A quick search on the definition of science yields this: “the intellectual and practical activity encompassing the systematic study of the structure and behavior of the physical and natural world through observation and experiment.”
Likewise, the scientific method can be defined as: “a method of research in which a problem is identified, relevant data are gathered, a hypothesis is formulated from these data, and the hypothesis is empirically tested.”
My point here is this: we all look at the world and interpret it based on our perceptions and understanding. Often these perceptions are wrong – but how can we know? The easy way to deal with this uncertainty is to wait for someone else to tell you what’s true. That way, you won’t be bothered by pesky thinking – “someone who sounded like they knew what they were talking about said it was true, and it fits with my belief system, so I’m going with that.” The problem with this is twofold. First, you aren’t thinking, which you should kind of be ashamed of, or at least embarrassed by. And the second is this: by just blindly accepting something as true because it feels right, you are depriving yourself of using a tool by which you can come to your own conclusions about how the world works – which is the fun part! So what tool might help us with this problem? Pull up a chair and meet The Scientific Method!
You will find many variations on this process, but the basic idea is this: suppose you come across a problem, perhaps a conspiracy theory like, oh, say, the flat earth theory. How might you come to your own informed conclusion? You would use the Scientific Method:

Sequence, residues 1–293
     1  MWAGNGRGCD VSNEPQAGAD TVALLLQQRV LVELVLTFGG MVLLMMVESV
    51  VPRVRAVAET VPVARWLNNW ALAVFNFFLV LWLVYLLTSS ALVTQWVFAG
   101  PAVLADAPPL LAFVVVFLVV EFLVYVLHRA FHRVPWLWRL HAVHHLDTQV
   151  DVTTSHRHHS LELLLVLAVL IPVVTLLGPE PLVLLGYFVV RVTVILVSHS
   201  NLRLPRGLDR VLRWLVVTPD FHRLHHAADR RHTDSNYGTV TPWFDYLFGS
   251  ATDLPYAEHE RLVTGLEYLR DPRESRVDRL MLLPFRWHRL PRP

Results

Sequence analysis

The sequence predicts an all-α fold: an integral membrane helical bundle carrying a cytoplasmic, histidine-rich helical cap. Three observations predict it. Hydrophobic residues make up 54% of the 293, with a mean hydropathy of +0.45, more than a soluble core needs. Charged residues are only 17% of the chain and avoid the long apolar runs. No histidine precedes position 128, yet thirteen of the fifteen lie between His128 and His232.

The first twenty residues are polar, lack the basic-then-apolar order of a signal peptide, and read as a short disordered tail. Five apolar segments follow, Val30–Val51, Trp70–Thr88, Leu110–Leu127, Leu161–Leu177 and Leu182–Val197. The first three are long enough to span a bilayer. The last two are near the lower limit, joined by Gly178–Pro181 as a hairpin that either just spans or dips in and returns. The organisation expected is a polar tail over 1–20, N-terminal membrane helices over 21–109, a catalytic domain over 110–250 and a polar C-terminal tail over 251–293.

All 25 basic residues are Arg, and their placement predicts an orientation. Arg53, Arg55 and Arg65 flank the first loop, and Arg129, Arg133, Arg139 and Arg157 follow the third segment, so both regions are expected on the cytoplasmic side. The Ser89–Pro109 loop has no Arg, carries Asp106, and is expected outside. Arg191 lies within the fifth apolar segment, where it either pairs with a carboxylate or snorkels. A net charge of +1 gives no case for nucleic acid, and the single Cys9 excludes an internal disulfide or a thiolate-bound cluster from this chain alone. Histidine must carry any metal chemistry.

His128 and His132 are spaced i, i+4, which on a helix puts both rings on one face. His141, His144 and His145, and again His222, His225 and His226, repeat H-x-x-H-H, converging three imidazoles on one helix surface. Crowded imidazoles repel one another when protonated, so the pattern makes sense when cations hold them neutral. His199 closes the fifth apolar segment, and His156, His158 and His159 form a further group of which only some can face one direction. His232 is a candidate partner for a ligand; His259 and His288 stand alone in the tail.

- Ask a question (Is the earth really flat?)
- Form a hypothesis (I think it is flat!)
- Research the data (What do the facts tell us?)
- Test your conclusion (Can I prove my hypothesis wrong? Oy, What was I thinking?)
- Adjust your concept of reality accordingly…
For the purposes of this brief post, I want to focus on what I think might be the most important step – asking the question “Can I prove my hypothesis wrong?” Because this requires that you examine opposing viewpoints to see how your idea holds up. This implies looking at the world at bit differently – instead of looking for things to confirm what you want to believe, you are now actively looking for ways to prove yourself wrong. Welcome to the Scientific Method!
Thinking this way can actually make you smarter, and it most certainly will make you a more interesting person. It also has the added benefit of making your world a more interesting place, because now your reality is constantly shifting and growing. Even the most mundane things can begin to seem interesting and worthy of study.
Thinking can be fun – you can’t do it too much, and no one’s getting hurt in the process!